We're often told that ancient Mesopotamia was the "Cradle of Civilization," but what made the region stand out in comparison to its neighbors and contemporaries? More than anything else, it was living in cities and working in a hyper-specialized economic role as subjects of kings that defined life in Mesopotamia. Patrick's book is now available! Ge…
 
We're on hiatus until September 2. Until then, please enjoy some of our favorite episodes from the back catalog. Forget what you thought you knew about Dionysus and his cozy wine-drinking image. This is the Dionysus of Thrace. The Dionysus of Mithradates. Of Spartacus. Of revolutionaries across the classical world. This is the story of how one wand…
 
The roots of some important English traditions and political institutions began in one of those historical pockets of huge change but scarce written material in the centuries after the Romans left and the Normans arrived, making it challenging to find answers. Enter Dr. Marc Morris. You can support this podcast through Patreon - go to https://www.p…
 
A Marxist revolution, a Cold War proxy battle, and a dream of a Black utopia. In 1983, Ronald Reagan ordered the U.S. military to invade the island of Grenada. Almost four decades later, many Americans don't remember why — or that it even happened. This week, Martine Powers, from Post Reports, brings us a story of revolution, invasion, and the afte…
 
This week in 1588 the Spanish Armada fought running battles in the Channel with the English Navy. It was sent by King Phillip of Spain who ruled half the world to crush Elizabeth Tudor the woman who ruled half an Island but would end in defeat and disaster for the Spanish. The background to this conflict was the growing Anglo-Spanish rivalry that h…
 
A year ago Johnny Khawand saw the home he grew up in ripped apart by the massive explosion in a chemical dump in the port of Beirut, Lebanon – one of the largest non-nuclear blasts in history. For hours Johnny fought to save neighbours trapped in the rubble, seeing some die in front of him. Now, after months of restoration work, he’s coming back to…
 
The Theban Sacred Band was one of the greatest military corps of Ancient Greece, thriving from the city-state of Thebes for almost 50 years in the mid 4th century BC. In addition to their fighting prowess, however, there is another fascinating aspect to their history; this 300-man elite corps was made up of 150 pairs of male lovers, many of them bu…
 
Roads and building are amongst the things that could get a boost in the US's latest infrastructure plan, if approved by both parties. Facebook says that it made a bumper revenue in the past three months, but with lower than expected earnings anticipated in the coming months, we find out from Dan Ives what that could do to the company's future - and…
 
Apple, Google's parent Alphabet and Microsoft made $57bn profits in the past three months. Kathleen Brooks is the director of Minerva Analysis, and explains why the US technology giants are performing so strongly. Also in the programme, we find out why the US pharmaceutical firm Pfizer is expecting to make significantly more money from its coronavi…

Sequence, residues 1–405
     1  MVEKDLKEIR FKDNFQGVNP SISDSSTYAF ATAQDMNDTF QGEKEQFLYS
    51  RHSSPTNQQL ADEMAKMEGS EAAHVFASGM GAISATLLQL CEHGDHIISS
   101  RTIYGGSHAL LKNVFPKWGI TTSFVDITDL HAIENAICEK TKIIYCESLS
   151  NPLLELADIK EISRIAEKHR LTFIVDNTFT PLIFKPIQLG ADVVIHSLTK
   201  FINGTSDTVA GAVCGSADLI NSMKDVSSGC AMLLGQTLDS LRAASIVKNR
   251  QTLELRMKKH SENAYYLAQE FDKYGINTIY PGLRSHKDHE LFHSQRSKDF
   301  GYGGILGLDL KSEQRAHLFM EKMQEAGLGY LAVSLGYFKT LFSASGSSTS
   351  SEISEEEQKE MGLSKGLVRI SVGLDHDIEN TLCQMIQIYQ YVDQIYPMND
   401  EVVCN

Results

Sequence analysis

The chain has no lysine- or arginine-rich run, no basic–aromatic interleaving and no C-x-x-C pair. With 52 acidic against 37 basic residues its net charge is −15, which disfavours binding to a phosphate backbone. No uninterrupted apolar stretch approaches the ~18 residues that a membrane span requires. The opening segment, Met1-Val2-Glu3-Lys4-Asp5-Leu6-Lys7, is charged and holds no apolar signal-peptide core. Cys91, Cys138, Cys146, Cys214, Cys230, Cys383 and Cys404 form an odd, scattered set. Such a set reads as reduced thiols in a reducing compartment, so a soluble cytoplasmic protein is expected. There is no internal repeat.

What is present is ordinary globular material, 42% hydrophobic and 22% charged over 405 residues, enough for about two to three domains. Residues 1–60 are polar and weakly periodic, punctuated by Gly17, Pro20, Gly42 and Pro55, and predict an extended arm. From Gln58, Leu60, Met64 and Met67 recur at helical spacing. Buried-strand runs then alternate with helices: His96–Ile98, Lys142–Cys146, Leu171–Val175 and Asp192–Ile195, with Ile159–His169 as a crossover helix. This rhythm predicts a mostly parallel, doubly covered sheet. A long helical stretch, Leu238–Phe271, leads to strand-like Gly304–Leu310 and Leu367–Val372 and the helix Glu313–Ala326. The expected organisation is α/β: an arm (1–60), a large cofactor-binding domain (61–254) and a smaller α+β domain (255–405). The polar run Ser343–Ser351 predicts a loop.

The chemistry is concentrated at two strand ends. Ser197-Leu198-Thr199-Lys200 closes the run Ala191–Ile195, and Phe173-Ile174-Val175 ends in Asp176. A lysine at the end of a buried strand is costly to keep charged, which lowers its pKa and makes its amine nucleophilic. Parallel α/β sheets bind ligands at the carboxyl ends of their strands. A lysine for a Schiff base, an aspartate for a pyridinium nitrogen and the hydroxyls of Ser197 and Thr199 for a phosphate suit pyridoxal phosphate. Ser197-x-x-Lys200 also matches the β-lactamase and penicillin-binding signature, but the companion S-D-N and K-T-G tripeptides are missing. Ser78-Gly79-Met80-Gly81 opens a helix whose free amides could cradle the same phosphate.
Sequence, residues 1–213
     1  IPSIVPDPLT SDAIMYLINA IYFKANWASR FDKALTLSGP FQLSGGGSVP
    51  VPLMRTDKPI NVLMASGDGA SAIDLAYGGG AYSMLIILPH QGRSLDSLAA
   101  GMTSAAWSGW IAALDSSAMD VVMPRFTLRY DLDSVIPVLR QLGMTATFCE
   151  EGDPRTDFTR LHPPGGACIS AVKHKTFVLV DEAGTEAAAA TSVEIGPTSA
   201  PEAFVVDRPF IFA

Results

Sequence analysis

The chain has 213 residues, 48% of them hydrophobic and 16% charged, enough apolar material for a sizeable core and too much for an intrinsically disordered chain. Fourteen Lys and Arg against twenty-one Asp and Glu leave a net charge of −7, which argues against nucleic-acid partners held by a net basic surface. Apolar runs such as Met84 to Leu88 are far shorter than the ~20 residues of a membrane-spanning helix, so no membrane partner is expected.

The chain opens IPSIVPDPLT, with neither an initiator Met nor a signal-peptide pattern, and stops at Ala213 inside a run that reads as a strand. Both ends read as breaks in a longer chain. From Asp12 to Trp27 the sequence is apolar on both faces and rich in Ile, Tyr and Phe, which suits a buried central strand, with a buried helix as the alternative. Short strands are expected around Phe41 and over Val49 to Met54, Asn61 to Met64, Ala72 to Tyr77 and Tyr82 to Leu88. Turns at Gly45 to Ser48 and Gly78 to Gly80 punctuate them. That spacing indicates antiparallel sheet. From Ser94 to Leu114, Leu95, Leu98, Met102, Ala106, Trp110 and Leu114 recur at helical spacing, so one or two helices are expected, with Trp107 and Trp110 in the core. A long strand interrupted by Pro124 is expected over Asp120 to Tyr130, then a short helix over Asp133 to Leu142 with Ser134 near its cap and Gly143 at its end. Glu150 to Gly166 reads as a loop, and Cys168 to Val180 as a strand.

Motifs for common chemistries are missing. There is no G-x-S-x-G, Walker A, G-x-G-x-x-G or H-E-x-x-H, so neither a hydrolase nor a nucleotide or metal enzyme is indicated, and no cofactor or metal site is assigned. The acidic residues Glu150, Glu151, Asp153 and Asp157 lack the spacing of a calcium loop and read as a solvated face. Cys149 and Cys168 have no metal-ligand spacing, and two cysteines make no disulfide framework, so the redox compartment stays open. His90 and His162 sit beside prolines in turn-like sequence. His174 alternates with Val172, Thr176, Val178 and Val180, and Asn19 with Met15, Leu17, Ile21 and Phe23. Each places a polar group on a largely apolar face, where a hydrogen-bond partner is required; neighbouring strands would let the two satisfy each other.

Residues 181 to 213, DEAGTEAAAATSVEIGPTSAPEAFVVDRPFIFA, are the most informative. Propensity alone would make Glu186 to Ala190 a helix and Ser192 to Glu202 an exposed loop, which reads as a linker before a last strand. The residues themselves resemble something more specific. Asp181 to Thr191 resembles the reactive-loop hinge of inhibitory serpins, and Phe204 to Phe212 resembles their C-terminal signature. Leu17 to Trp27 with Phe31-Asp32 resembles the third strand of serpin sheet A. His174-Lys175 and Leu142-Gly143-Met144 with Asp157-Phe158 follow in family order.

In the aftermath of a car accident at 19 years old, Thomas Leeds was left with no memories of his childhood, of his family and friends, even cultural references were all wiped away. As Thomas began to rebuild his life he struggled with thoughts about his future because, he says, he didn't know where he'd come from. He became obsessed with the popul…
 
In the 16th century, Antwerp was a global centre of trade, talked about around the world. Michael Pye considers its rise and bloody fall In the 16th century, Antwerp was a global city that was talked about around the world – a centre of commerce, trade, knowledge and innovation, plus one of scandal, murder, secrets and intrigue. Michael Pye, author…
 
Subscribe to the podcast!https://podfollow.com/everythingeverywhere/ The term Dark Ages has been used to refer to a period in European history when culture supposedly regressed and civilization was in decline. The idea of a Dark Ages is one that was prevalent amongst historians for centuries. But lately, historians have been reconsidering the idea …
 
In January 1972 a Japanese soldier was found hiding in the jungle on the Pacific island of Guam. He had been living in the wild there for almost 30 years unaware that World War Two had ended. His name was Shoichi Yokoi. Mike Lanchin spoke to his nephew and biographer.This programme is a rebroadcastPhoto: Shoichi Yokoi on his arrival back in Japan i…
 
At a time when what it means to watch movies keeps changing, this book offers a case study that rethinks the institutional, ideological, and cultural role of film exhibition, demonstrating that film exhibition can produce meaning in itself apart from the films being shown. Cinema Off Screen: Moviegoing in Socialist China (U California Press, 2021) …
 
This is an important, revisionist account of the origins of the British Empire in Asia in the early modern period. In The Origins of the British Empire in Asia, 1600-1750 (Cambridge University Press, 2020), David Veevers uncovers a hidden world of transcultural interactions between servants of the English East India Company and the Asian communitie…